How to Negotiate with Ransomware Hackers

Rachel Monroe has an interesting profile of a ransom negotiator in The New Yorker. But the piece also provides an answer to a puzzling claim in a blog post by REvil that referred to fraudulent middlemen.

When the negotiator hired by a victim entered the chat, they discovered that someone had already been negotiating with the threat actors — and they had done what appeared to be a terrible job. But who were these people who were negotiating when it this firm that had been retained to do that?

Fowler and Minder tried to piece together what had happened. The clients insisted that they had never gone to the dark-Web site, much less interacted with the hacker. Then Fowler reminded Minder about a recent post on REvil’s blog, warning about fraudulent middlemen who said that they could decrypt files; instead, the middlemen would secretly negotiate with the hackers before offering the decrypted files at a markup. At the time, it had amused Minder that a cybercrime syndicate was issuing a warning about scammers. But now the clients acknowledged that they had reached out to MonsterCloud, a Florida company that advertises itself as “the world’s leading experts in Cyber Terrorism & Ransomware Recovery.” MonsterCloud’s Web site encouraged victims to use its ransomware-removal services instead of paying a ransom. That pitch likely appealed to the heads of the engineering firm, who were “very, very patriotic,” Minder told me. “It didn’t surprise me at all that they’d rather pay a software company in Florida” than send a ransom to a foreign criminal syndicate.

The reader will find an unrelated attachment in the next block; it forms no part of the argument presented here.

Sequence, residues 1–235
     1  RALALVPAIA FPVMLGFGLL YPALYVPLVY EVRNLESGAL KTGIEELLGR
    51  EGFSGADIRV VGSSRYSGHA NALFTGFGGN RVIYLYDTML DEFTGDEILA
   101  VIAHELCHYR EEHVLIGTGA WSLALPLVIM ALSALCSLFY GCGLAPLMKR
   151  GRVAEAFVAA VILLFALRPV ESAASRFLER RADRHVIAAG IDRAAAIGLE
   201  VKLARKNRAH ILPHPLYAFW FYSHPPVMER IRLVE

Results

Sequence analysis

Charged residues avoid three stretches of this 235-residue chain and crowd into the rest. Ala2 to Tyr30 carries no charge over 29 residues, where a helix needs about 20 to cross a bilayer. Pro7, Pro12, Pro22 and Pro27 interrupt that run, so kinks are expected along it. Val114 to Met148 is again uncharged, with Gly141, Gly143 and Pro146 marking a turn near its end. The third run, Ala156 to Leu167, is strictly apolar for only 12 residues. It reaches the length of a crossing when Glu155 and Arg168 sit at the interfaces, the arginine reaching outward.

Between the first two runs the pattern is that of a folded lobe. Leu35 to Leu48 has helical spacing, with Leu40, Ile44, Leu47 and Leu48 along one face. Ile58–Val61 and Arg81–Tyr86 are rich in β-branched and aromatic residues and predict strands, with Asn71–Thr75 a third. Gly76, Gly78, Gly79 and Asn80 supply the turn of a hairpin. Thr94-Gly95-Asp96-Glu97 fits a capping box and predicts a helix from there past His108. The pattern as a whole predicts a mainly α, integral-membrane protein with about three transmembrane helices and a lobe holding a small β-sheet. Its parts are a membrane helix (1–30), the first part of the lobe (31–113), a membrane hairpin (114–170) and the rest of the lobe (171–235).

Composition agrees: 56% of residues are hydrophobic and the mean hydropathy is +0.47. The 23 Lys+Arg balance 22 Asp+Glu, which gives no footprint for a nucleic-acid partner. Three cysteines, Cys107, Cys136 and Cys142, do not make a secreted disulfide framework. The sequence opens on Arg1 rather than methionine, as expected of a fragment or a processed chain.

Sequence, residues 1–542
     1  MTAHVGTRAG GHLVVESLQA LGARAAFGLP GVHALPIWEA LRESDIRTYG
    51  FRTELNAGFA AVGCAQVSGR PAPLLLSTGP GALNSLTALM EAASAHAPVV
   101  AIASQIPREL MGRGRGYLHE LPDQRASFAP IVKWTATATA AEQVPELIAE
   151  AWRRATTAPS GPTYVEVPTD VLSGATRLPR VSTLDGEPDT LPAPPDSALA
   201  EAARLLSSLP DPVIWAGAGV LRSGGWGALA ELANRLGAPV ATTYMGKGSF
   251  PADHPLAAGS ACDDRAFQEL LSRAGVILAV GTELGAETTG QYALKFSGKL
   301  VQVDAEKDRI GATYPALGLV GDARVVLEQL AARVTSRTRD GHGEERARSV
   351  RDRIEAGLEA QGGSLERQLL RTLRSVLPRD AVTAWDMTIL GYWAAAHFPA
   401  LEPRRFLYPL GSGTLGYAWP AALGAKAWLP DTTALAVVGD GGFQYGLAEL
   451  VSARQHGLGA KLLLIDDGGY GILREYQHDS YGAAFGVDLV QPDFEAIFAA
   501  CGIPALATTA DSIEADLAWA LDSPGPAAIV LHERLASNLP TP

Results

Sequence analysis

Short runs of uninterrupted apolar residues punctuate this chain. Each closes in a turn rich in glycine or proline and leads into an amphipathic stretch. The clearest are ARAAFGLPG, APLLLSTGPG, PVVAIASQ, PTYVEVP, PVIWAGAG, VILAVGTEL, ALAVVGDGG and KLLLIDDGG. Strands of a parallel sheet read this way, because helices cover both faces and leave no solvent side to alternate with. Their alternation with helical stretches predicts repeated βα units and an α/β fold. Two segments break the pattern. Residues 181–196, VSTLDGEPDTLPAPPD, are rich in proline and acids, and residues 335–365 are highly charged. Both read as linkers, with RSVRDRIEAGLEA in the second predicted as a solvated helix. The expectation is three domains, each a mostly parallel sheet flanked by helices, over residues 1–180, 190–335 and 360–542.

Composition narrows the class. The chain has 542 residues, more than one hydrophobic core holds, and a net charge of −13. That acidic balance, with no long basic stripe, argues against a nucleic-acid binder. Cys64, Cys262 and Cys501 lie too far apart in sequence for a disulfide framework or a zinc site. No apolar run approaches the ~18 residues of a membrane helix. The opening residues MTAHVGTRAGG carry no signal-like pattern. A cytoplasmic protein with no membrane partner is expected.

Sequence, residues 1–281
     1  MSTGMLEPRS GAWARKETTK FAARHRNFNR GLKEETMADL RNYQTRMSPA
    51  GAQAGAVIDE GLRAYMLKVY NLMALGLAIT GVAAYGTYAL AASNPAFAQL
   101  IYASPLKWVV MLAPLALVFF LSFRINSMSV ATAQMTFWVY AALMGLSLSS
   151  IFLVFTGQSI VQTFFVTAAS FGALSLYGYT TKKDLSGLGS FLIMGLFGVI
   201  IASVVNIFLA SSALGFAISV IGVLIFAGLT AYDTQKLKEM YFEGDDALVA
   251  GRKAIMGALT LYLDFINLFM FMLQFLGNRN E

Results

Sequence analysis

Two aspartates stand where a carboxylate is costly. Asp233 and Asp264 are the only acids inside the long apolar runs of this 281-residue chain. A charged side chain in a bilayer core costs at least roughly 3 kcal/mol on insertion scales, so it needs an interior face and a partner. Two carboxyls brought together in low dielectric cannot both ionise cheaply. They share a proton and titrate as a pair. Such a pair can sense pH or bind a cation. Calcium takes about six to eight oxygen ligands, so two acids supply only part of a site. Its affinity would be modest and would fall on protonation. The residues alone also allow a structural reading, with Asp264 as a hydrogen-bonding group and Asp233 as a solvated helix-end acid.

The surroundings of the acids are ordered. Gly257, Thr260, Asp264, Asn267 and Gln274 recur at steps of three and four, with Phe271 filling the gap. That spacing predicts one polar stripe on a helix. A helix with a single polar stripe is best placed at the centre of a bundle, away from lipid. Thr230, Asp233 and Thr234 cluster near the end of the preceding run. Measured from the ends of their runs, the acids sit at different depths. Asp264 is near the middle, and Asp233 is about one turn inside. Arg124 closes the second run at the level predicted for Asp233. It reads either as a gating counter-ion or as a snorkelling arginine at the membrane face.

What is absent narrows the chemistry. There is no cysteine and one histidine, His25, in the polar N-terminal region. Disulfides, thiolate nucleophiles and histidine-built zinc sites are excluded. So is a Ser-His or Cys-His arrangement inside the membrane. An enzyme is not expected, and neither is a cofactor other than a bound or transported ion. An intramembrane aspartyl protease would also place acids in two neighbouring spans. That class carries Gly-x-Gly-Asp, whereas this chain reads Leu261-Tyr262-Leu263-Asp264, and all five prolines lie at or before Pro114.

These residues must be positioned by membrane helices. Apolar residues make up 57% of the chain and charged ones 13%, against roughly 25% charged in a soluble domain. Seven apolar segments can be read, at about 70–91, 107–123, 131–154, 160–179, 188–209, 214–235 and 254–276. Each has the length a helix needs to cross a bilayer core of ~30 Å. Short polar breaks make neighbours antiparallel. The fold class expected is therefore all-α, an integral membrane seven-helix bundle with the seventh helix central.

Minder soon learned that, shortly after the REvil hacker demanded sixty-five thousand dollars, a MonsterCloud representative told the engineering firm that it could recover the files for a hundred and forty-five thousand dollars. (MonsterCloud declined to comment.)

According to an investigation by ProPublica, MonsterCloud has a long track record of secretly negotiating with hackers.

Read more on The New Yorker. The FTC was made aware of MonsterCloud’s claims to clients, which raise questions about whether it is deceptive to tell a client that they are not paying ransom if you are using part of your fee precisely to pay the ransom to get the decryptor. Is the FTC actually investigating this firm? Investigations are non-public, so we do not know, but ProPublica had also investigated this firm.

And how many more firms may be doing what MonsterCloud has allegedly done? And are they all adhering to guidelines about not making payments to entities on the banned list?

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